Book Review: The Open Secret by Jennifer Moxley
The Open Secret
Poems by Jennifer Moxley
Flood Editions, August 2014
Reviewed by Alyse Bensel
The Open Secret moves from fragmented lyric to introspective narrative in an attempt to clarify the process and perspective associated with what it means to be a poet. In the collection’s title poem, Jennifer Moxley shares the recipe for “The Open Secret” that yields “boundless servings” for the reader. Its abstracted ingredients are shaped through the ritual of instruction: “Lightly toast dreamlike sense, intuition, and apprehension in a dry skillet until fragrant, then grind in a mortar.” Finally, we are asked to “place all ingredients within the moving image of eternity and stir gently.” As a venture in articulating the poetic impulse, the poem proves to not only lay bare the poet’s instinct but to help the reader understand the limitless multiplicity at work in this labor.
In calling the reader’s attention to the act of writing itself through this reflective motion, Moxley asks us to participate within the conceptual framework of the poem itself. In “Evacuations,” a thought experiment where the speaker, in the act of writing the poem, always tries to stay in the present and not stay in the past, the reader is privy to the thoughts that try and derail the project, as the poem is caught between thoughts of future and past. Here the speaker intones “The present is resistance, punctured every third day / by a minor enthusiasm. The anticipation of a really / delicious steak. A filet mignon.” Continuously extrapolated from the initial idea, thoughts turn to the poet, who “starts / counting in order to show the ‘active’ reader / that counting is intentional and structure meaningful, / and both are true.” Even this desire for the active in the present keeps on pushing back, when the speaker notes “I’ve been tricked / by the past, making it out to be a really great time / with good values.” Ever aware of the process at work, and of the poem as process, Moxley, it seems, wishes to imbue the poem not with its creation intact.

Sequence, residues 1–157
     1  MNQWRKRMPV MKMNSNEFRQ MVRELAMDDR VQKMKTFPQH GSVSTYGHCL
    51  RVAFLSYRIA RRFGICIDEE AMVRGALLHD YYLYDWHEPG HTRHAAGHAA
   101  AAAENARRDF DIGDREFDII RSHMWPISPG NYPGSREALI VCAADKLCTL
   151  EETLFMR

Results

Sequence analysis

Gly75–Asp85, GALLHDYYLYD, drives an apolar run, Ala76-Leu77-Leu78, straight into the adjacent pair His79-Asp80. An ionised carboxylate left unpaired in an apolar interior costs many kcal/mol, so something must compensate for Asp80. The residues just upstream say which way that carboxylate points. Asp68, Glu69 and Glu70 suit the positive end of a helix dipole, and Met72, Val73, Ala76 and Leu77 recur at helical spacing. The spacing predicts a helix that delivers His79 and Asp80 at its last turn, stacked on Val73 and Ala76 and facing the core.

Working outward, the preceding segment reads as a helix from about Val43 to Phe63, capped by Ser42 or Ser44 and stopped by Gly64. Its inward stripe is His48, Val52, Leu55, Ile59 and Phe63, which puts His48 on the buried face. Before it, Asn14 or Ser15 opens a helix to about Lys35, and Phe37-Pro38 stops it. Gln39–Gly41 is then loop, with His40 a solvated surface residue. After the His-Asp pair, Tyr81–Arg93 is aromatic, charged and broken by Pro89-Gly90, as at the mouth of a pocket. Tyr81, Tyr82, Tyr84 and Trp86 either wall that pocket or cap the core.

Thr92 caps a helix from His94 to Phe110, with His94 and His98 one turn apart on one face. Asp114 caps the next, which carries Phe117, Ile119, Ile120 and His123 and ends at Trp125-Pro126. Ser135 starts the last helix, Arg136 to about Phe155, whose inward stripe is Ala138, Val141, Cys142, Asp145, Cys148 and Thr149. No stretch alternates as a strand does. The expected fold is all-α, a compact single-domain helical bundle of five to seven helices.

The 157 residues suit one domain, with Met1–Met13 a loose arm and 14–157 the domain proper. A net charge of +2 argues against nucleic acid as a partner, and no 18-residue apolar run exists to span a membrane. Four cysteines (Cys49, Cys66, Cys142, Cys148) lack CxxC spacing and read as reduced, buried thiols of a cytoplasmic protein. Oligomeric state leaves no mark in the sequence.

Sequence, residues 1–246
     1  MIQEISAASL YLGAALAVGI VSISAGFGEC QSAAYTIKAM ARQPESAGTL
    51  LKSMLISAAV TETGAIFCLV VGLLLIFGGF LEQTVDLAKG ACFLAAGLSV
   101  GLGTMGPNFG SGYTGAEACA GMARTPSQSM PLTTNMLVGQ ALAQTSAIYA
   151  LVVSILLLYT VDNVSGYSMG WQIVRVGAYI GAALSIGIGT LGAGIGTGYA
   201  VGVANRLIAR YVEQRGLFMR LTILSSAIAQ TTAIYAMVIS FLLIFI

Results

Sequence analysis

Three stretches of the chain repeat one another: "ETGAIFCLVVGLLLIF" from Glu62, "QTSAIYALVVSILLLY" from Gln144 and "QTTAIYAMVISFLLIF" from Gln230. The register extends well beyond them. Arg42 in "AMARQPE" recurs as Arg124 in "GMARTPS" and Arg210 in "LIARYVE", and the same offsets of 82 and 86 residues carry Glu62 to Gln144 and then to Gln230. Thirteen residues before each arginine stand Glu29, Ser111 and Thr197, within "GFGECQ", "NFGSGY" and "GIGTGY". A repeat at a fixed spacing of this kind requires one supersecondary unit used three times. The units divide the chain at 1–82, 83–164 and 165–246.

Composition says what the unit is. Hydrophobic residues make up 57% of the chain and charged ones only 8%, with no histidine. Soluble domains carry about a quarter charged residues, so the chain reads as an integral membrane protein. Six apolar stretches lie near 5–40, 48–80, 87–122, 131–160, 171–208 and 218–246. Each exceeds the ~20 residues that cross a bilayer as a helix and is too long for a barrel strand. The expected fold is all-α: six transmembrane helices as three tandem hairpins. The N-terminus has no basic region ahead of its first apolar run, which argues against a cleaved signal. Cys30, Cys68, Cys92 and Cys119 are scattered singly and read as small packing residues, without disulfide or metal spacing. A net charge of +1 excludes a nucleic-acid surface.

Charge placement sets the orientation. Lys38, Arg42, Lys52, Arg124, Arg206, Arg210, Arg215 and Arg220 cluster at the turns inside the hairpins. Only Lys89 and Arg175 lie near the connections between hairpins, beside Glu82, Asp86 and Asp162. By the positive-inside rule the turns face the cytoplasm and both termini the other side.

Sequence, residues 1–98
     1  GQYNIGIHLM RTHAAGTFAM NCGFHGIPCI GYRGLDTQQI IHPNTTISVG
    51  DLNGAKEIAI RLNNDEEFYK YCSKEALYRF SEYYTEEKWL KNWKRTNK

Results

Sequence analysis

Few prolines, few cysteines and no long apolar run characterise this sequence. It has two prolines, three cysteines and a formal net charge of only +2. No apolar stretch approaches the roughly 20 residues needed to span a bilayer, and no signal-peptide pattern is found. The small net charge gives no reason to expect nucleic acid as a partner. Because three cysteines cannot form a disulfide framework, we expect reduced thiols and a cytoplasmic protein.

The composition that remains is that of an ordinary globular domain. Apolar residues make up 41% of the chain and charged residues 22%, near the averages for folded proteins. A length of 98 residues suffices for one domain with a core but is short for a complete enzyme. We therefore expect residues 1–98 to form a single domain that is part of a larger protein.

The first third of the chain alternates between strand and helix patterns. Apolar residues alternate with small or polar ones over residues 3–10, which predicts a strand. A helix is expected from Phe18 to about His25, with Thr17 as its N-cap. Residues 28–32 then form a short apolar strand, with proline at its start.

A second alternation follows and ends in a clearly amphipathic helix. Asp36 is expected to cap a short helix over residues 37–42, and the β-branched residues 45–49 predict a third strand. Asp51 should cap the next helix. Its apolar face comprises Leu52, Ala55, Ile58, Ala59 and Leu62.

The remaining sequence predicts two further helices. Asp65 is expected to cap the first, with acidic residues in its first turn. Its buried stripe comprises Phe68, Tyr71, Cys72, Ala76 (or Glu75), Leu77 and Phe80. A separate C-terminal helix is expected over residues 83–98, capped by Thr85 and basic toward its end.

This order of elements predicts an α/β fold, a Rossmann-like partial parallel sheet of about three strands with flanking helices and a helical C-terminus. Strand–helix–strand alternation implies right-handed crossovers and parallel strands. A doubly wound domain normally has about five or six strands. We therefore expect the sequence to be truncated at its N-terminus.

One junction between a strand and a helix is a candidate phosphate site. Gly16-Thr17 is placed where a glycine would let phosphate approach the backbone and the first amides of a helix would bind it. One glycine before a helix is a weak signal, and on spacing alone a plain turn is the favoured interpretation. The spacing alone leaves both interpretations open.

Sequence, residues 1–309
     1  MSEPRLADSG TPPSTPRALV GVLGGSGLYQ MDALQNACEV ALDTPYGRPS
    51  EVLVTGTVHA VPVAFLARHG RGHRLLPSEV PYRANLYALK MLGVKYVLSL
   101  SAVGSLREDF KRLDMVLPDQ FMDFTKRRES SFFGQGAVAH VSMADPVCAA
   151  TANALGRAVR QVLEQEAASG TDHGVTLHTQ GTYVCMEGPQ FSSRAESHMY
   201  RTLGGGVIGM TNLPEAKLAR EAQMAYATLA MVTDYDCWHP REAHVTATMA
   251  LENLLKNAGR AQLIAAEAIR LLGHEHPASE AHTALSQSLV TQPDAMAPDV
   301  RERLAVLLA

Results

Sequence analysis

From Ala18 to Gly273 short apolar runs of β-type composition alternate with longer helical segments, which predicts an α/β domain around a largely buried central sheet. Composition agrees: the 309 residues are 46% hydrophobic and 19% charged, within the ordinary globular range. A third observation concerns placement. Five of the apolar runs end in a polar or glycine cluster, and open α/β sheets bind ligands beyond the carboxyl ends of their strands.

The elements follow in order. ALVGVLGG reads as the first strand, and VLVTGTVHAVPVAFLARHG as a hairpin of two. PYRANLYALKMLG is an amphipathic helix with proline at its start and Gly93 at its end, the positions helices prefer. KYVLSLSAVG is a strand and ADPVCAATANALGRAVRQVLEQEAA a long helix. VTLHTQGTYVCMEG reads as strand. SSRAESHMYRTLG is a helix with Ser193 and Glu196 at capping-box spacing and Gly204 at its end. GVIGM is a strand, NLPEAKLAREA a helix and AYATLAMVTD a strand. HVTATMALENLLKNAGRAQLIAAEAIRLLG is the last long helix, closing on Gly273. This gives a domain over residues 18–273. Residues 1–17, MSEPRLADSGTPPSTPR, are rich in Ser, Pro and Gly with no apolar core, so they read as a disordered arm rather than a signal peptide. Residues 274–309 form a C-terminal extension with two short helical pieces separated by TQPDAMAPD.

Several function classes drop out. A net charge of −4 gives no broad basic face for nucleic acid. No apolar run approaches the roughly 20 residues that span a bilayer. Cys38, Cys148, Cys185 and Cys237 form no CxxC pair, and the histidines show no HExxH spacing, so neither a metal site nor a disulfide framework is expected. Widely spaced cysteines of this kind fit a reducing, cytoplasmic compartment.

However, the collection begins not with these lengthy introspections but with the flitting lyric. These poems gather strength from fragmented line breaks and short lines that increase their movement. The opening poem, “There Is A Birdsong at the Root of Poetry” muses on the apparently familiar topic of birdsong. Yet this song is focused not on the ease of its song but of the effort “out of which / the bird wings stiffly just / rigid as / rhubarb leaf.” The speaker then implores the reader “should you / listen you will hear / the wasted strains of an underground song” that attempts to rise of this bird. Its mortality is always on display, sought out by those who can really listen. In wanting to keep the song in motion, Moxley presses forward, calling the reader and the muses into the fray.
Alyse Bensel is the author of two chapbooks, Not of Their Own Making (Dancing Girl Press, 2014) and Shift (Plan B Press, 2012). Her poetry has recently appeared in Mid-American Review, Heavy Feather Review, and Ruminate, among others. She serves as the Book Review Editor at The Los Angeles Review and Co-Editor of Beecher’s.